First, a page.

Journal Article

Mental Health and Social Justice: Gender, Race and Psychological Consequences of Unfairness

Michael Sheppard

in The British Journal of Social Work

Published on behalf of British Association of Social Workers

Volume 32, issue 6, pages 779-797
Published in print September 2002 | ISSN: 0045-3102
Published online September 2002 | e-ISSN: 1468-263X | DOI: https://dx.doi.org/10.1093/bjsw/32.6.779
Mental Health and Social Justice: Gender, Race and Psychological Consequences of Unfairness

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It is not immediately obvious how social justice might relate to mental health. Mental health or ill health is, by some, thought to be inherent within the individual, whereas social justice, as its name indicates, resides within the realm of the social. However, where we understand social justice as, on the one hand, an issue involving equality and fairness, and on the other as having both material and symbolic dimensions it becomes clear that there is an important link. In particular groups which suffer disadvantage and discrimination may be expected to suffer higher rates of mental ill health. However, the key to understanding this is by identifying the mechanisms by which this can happen. In order to do this it is necessary that we do not look at mental health (or illness) in an undifferentiated way, since there are different processes involved for different forms of mental ill health. We shall, therefore, look at this by focusing on the issue of social justice through two significant relationships: gender and depression, and race and schizophrenia. We shall examine the mechanisms which link these together, and show how they are significant psychological consequences of social injustice arising in both material and symbolic form.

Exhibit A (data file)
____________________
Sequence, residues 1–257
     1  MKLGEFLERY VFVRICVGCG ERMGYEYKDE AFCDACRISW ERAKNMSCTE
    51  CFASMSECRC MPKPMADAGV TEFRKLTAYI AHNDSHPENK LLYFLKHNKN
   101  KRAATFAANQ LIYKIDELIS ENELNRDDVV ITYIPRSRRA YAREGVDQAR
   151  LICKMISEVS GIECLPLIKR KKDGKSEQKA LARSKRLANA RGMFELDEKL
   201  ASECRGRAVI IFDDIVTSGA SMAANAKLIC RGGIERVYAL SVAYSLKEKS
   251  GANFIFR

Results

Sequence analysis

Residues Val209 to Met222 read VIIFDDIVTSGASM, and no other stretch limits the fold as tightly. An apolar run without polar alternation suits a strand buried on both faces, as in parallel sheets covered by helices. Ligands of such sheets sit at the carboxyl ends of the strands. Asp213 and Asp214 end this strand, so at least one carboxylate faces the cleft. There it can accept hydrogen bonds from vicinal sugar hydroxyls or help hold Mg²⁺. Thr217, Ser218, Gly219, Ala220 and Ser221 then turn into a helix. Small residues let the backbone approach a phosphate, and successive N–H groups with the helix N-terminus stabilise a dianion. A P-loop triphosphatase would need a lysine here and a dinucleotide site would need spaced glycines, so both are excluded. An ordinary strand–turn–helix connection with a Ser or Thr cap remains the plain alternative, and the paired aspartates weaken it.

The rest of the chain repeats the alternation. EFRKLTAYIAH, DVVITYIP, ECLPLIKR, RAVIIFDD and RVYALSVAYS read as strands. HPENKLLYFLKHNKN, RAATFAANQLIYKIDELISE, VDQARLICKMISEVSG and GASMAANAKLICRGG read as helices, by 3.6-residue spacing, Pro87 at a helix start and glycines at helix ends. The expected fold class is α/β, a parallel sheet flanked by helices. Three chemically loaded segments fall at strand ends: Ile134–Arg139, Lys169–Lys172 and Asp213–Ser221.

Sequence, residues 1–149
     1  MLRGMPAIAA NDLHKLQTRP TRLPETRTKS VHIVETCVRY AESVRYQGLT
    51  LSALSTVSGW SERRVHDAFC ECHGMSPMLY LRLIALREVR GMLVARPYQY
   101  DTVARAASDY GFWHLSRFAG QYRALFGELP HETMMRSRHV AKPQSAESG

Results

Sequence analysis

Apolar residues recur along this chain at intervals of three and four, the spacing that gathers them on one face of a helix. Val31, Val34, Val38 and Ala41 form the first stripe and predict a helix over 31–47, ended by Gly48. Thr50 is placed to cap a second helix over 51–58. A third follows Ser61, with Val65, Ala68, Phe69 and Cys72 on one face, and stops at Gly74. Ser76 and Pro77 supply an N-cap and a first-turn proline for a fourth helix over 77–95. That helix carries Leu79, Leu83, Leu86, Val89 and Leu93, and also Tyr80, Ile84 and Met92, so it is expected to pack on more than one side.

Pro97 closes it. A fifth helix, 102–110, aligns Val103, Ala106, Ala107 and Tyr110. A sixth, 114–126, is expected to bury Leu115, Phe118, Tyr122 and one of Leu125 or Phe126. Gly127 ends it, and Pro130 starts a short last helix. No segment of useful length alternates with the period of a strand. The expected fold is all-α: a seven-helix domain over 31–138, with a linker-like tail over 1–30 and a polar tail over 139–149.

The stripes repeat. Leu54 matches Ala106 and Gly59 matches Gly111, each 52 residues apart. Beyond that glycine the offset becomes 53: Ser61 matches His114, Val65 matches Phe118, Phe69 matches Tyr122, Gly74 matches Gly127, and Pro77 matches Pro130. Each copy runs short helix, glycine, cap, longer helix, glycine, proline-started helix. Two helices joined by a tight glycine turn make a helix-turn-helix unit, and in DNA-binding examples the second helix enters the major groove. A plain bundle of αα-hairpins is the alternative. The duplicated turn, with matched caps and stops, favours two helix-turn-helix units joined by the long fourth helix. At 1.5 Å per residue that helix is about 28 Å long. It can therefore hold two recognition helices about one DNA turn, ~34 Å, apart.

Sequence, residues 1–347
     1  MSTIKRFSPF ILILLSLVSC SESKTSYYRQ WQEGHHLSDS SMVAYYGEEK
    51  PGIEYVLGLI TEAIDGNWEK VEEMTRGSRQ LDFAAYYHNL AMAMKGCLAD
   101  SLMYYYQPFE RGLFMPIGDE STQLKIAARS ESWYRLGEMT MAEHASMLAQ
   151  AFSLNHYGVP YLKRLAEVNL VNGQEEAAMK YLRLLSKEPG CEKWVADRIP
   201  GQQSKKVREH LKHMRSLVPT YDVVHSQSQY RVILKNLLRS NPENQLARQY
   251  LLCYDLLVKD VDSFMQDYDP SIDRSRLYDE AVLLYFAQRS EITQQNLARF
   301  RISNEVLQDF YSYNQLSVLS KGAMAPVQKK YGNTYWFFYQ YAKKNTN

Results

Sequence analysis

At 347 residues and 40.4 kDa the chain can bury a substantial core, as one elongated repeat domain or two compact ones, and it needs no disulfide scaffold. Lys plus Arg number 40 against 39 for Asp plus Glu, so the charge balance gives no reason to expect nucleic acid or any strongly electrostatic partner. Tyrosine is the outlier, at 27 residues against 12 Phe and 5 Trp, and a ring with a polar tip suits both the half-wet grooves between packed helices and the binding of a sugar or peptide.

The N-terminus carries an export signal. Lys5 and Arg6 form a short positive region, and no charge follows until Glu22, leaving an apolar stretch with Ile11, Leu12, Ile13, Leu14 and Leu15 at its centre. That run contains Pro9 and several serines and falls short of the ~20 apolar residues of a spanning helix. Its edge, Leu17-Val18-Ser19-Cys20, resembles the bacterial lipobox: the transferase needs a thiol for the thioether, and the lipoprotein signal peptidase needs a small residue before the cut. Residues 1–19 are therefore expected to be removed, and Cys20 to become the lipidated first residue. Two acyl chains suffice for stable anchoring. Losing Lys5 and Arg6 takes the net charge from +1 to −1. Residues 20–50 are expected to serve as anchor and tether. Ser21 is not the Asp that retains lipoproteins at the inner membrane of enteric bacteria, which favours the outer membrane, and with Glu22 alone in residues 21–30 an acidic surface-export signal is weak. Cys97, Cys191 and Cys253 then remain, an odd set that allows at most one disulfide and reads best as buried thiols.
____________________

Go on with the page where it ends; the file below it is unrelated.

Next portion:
Journal Article.  0 words. 

Subjects: Social Work

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